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Shovel Snow Safely

Experts list precautions you can take before you tackle this winter chore

SATURDAY, Dec. 11, 2004 (HealthDayNews) -- Shoveling snow can be more than a chore; it can be a health hazard if you don't take some basic precautions, warns the Canadian Physiotherapy Association (CPA).

Back injuries, muscle strains, hypothermia and heart attack are among the potential dangers. The CPA offers the following advice for safe shoveling:

  • Before you start shoveling, take time to warm up and stretch your muscles. Warm, relaxed muscles are less likely to suffer strains than cold, tight muscles.
  • Choose the right shovel. A shovel's handle length is right for you when you can slightly bend your knees, bend forward 10 degrees or less, and hold the shovel comfortably in your hands as you begin a shovel stroke. A plastic shovel blade is lighter than a metal one, so it puts less strain on your back. Ergonomic shovels with a bent shaft are better than straight shaft shovels.
  • When you hold the shovel, keep your hands at least 12 inches apart. This increases your leverage and reduces the strain on your body.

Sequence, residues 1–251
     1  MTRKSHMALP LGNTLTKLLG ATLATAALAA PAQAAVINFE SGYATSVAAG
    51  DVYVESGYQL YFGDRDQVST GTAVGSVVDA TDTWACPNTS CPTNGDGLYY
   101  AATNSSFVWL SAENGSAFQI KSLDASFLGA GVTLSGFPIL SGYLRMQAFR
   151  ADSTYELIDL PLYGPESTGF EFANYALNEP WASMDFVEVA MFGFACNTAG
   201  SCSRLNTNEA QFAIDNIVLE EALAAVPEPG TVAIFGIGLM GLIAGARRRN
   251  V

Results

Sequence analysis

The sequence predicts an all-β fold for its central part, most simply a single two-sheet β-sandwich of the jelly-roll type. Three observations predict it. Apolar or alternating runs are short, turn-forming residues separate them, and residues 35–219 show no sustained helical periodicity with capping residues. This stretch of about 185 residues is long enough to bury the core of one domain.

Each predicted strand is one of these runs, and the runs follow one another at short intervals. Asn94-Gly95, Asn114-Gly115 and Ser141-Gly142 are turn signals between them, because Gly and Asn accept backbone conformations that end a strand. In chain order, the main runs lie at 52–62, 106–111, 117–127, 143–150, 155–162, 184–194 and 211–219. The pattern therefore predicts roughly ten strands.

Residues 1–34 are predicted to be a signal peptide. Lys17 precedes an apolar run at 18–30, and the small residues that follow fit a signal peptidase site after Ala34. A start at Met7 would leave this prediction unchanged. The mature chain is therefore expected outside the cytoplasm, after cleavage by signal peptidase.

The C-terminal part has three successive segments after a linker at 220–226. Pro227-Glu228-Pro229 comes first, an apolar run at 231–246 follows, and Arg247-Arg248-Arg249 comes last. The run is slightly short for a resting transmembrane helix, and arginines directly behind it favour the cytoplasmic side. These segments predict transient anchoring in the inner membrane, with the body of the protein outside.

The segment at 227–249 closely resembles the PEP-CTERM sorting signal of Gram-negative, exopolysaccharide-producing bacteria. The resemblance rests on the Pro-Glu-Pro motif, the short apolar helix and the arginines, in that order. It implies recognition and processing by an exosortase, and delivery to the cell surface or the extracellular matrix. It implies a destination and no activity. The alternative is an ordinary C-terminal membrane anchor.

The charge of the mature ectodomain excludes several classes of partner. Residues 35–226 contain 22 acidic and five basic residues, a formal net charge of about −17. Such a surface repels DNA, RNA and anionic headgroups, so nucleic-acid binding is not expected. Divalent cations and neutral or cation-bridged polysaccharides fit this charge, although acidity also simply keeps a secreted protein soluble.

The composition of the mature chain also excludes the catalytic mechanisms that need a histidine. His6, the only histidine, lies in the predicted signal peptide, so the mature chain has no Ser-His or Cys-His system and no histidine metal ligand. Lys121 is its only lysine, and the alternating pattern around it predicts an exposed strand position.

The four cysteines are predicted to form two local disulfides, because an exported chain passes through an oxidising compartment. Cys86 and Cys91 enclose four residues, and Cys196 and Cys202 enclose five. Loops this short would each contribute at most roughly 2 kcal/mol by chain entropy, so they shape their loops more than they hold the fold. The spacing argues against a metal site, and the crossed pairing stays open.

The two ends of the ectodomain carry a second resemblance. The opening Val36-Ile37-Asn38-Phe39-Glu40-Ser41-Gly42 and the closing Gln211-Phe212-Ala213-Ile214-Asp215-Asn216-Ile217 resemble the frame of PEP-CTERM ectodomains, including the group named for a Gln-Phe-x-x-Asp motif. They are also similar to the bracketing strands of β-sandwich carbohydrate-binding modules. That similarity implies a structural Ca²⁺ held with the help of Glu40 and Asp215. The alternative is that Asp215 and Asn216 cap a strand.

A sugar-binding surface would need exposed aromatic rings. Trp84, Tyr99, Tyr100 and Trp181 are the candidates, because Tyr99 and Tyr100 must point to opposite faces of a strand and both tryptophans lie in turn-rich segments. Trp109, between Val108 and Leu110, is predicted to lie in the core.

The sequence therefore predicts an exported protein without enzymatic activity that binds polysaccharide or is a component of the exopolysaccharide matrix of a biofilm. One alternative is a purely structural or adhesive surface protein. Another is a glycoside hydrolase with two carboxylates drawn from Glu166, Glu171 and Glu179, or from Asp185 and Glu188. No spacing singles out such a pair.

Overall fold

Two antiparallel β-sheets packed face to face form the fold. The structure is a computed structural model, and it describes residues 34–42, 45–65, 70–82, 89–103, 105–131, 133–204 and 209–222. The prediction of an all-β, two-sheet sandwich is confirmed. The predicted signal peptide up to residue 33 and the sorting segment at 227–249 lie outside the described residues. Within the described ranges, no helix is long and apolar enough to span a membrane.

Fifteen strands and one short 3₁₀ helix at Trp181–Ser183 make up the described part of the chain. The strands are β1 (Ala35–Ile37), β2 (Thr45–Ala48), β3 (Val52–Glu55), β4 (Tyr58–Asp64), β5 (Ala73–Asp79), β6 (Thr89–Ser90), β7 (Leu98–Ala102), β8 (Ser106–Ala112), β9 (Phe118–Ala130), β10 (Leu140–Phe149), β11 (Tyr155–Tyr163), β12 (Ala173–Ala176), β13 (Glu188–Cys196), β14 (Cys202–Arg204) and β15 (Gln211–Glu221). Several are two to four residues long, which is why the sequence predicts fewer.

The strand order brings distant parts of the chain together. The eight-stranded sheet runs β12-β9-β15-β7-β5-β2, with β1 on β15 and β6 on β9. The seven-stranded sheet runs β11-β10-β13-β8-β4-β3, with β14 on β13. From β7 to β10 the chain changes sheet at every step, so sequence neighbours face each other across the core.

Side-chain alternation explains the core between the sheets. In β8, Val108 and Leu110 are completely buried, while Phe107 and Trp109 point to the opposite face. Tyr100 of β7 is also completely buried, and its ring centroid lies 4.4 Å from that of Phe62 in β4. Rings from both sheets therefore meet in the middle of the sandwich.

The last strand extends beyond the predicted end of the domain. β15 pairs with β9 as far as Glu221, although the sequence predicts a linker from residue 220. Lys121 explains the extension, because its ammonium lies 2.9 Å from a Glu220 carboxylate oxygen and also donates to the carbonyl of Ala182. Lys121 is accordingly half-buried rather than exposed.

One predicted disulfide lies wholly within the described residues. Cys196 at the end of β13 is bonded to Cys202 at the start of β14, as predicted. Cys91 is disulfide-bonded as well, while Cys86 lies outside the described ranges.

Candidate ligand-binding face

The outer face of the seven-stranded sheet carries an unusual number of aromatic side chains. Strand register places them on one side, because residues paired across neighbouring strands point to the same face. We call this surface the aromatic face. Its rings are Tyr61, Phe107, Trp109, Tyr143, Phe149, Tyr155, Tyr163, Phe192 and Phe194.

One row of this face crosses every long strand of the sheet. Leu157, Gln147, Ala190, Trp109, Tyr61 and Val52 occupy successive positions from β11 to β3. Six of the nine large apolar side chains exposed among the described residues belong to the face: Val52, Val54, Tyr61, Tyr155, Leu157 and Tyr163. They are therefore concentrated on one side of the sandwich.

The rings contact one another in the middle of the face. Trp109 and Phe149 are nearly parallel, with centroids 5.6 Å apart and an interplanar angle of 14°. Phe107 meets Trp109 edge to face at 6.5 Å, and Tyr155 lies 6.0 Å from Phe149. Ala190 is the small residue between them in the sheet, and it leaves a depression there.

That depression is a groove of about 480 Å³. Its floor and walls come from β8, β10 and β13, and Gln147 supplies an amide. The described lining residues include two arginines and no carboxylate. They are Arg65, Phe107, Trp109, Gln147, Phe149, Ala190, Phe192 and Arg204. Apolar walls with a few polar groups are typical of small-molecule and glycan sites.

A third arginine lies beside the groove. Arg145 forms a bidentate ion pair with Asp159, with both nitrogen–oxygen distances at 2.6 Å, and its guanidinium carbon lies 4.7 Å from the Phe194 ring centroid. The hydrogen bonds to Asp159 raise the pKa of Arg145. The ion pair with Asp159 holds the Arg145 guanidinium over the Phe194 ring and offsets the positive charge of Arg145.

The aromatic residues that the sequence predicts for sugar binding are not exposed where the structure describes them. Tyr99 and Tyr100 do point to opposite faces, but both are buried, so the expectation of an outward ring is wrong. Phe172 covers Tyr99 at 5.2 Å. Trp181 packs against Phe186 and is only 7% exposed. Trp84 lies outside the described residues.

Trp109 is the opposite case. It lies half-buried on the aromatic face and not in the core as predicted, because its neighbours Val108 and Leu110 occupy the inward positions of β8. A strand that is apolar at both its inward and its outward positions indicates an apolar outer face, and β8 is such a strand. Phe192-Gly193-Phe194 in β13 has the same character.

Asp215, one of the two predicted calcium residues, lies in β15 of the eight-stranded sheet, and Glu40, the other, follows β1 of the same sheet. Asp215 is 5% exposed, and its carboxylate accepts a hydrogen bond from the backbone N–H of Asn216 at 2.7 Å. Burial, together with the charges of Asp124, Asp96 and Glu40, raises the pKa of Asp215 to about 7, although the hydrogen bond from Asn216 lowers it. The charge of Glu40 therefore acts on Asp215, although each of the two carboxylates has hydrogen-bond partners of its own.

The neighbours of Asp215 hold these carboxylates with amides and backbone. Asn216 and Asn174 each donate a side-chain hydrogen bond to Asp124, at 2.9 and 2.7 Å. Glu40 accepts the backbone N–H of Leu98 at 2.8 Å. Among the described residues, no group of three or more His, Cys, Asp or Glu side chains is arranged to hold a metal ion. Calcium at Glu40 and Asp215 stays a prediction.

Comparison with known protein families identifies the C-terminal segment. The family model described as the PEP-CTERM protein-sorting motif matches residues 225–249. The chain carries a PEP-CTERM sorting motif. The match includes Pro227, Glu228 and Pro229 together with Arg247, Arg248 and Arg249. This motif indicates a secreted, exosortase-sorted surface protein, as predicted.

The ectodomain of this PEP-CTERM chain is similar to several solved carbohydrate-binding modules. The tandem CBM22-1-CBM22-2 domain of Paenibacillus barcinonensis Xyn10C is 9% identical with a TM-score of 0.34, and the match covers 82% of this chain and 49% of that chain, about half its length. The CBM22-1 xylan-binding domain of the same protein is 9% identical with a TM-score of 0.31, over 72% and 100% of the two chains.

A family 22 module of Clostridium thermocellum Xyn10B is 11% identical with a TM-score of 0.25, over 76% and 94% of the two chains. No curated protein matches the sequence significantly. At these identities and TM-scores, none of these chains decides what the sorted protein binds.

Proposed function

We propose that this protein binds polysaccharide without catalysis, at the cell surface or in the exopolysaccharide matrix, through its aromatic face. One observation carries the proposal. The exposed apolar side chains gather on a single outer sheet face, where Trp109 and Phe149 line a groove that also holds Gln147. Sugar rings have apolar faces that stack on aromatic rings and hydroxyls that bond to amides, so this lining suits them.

• When you lift snow, squat with your legs apart, bend your knees and keep your back straight. Make sure to lift with your legs and don't bend at the waist. Scoop up small amounts of snow and walk to where you want to dump it. Spraying a lubricant or silicone on your shovel will help prevent snow from clinging to it.
  • Step in the direction that you're throwing the snow. This will prevent twisting in your low back.
  • If there's heavy snow, tackle it in two stages. First, skim off the top layer and then remove the bottom layer. Don't overload your shovel. If you can't say a long sentence in a single breath, you're working too hard. Take a break or reduce the intensity of effort.
  • Take plenty of breaks while you shovel. Every so often, stand up straight and walk around to extend the lower back. Place your hands on the back of your hips and bend backwards slightly for several seconds.
  • Dress properly. Wear mitts, not gloves. Dress in layers. The inner layers of clothing should be made of material that wicks perspiration away from your body. Don't wear cotton. It traps moisture close to your body. Outer layers should be windproof and water-resistant. Wear a scarf and hat to reduce heat loss. Your footwear should have good treads that will prevent slips or falls.
  • If you have any health problems or are in poor shape, don't shovel. Before winter, arrange for someone to clear the snow off your driveway and sidewalks.

More information

The U.S. Federal Emergency Management Agency offers advice about how to prepare for winter storms.

SOURCE: Canadian Physiotherapy Association, news release, December 2004
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